• Get some hands-on experience. Stop relying on vendor briefings or industry analysts for all your tech perspective. Go to conferences, download and try technology, or spin up a public cloud account. It's never been easier. You won't be credible nowadays if you stay at a 50,000 foot view.

Take Responsibility

Architects occasionally act like seagulls who swoop in to drop some ... wisdom, and disappear. It's time to take more ownership, especially after a design is put into place. Some suggestions:

  • Become a trusted advisor to tech teams, not just business execs. I get it. It's fun to hobnob with the business leaders. But, I've seen architects forget the people who have to live with architectural choices: the developers and operators. Get hands on, spend quality time with project/product teams. Don't just spend time with big enterprise projects, but also 1 or 2 efforts that incubate cool technology.

  • Enter the on-call rotation. Devs wear pagers now, why not architects? Architects should feel the joy (and pain!) of their decisions. That's a quick way to build empathy for customers inside and outside the company. You'll architect differently when you carry a pager.

  • Stop obsessing over reuse. Architects LOVE reusable components like web services, shared infrastructure, and databases. There's value there if it's the right abstraction. But it's also a way to introduce a crippling amount of coupling to shared assets that aren't designed for so many tenants. Help teams choose maintainable products, but don't force everyone to use the same components.

Adjust Your Focus

I submit that architects need to focus more time on agility and customer responsiveness. Here are some ways to do so:

  • Model customer experiences, not just technology plumbing. How do customers interact with you? Are technology systems helping you delight others? Look at the jobs to be done, and consider the COMPLETE lifecycle of interactions. You may be surprised at how many IT decisions are hostile to your customers.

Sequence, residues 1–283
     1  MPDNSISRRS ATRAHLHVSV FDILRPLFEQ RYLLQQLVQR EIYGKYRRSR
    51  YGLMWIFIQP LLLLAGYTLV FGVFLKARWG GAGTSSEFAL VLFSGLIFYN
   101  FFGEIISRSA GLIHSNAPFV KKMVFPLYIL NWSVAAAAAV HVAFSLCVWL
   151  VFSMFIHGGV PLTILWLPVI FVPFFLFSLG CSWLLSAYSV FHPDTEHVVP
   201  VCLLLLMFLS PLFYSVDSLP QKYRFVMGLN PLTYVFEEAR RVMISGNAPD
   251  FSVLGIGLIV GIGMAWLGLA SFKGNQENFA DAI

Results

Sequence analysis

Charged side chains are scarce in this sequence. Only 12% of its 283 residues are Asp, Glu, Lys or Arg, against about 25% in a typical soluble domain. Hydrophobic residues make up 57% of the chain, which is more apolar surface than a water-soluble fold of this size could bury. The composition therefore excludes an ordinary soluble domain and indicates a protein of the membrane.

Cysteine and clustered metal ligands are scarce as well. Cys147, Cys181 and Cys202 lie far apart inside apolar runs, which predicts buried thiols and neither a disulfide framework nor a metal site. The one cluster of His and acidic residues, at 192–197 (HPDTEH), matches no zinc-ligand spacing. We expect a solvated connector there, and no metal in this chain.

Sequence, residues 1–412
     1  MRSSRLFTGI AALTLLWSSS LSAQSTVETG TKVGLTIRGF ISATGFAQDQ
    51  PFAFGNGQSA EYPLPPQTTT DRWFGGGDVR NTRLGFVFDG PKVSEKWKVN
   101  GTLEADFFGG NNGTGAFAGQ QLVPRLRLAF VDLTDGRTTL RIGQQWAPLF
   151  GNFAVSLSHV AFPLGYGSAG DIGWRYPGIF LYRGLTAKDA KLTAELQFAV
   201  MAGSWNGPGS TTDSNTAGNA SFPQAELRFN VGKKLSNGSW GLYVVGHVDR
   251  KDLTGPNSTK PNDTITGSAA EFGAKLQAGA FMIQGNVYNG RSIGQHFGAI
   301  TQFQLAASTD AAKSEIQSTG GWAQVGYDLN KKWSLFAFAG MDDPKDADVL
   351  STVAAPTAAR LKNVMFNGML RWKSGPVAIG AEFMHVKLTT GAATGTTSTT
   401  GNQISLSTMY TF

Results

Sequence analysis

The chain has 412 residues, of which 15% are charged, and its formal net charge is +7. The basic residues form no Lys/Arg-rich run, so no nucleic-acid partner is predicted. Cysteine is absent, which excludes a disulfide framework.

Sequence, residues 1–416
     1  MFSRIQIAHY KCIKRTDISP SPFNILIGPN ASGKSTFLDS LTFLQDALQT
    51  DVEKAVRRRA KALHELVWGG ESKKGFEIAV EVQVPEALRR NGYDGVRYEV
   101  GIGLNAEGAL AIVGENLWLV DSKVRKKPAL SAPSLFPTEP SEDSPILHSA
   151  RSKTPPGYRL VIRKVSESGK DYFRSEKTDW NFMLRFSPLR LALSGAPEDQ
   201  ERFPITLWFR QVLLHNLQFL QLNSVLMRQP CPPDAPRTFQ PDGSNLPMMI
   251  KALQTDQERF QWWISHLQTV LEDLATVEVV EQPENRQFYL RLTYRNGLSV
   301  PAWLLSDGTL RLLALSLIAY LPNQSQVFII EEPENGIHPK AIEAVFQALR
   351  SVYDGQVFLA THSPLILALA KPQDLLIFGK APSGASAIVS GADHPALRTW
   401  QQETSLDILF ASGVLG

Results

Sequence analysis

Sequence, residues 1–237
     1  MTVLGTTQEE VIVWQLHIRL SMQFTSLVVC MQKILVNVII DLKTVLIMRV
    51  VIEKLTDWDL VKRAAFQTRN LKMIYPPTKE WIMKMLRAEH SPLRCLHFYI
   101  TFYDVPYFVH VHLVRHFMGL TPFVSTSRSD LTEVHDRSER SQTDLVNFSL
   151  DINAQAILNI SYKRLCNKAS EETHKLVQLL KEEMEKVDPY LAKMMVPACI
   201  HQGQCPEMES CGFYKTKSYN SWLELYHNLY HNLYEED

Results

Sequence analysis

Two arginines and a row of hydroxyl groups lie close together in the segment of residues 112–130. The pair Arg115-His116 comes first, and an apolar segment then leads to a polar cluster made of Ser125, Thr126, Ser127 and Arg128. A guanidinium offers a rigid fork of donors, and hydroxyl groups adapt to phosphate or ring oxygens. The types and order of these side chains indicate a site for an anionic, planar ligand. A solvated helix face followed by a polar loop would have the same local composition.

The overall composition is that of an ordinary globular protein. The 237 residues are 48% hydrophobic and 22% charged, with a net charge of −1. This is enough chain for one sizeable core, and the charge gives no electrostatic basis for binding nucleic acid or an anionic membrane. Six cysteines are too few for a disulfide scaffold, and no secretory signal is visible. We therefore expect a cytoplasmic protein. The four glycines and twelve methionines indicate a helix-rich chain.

• Lighten up on rigid "standards" designed in a vacuum. Guardrails are important, and constraints can be liberating. But instead of setting standards based on abstract objectives, make sure you talk to developers and admins about what standards make sense. Also, be flexible to "exceptions" that come from teams incubating new tech.

  • Introduce technology that evolves your culture. Your culture reflects your technology. If you want to change to a customer-centric, velocity-focused company, your existing tech won't get you there. Consider self-service platforms and tools that improve collaboration and cross-team visibility.

Whether you're an architect yourself, or hiring one, rethink the role. It's not about fitting IT systems and people into clean little boxes on a diagram. It's about unleashing technology and people to create differentiated service experiences for your customers. Looking for help? Jump into our Pivotal Office Hours, or contact us to learn more.

 

About the Author

Richard Seroter

Richard Seroter is a Senior Director of Product for Pivotal, a 10-time Microsoft MVP for cloud, an instructor for developer-centric training company Pluralsight, the lead InfoQ.com editor for cloud computing, and author of multiple books on application integration strategies. As a Senior Director of Product at Pivotal, Richard heads up product marketing and helps customers see how to transform the way they build software. Richard maintains a regularly updated blog (seroter.wordpress.com) on topics of architecture and solution design and can be found on Twitter as @rseroter.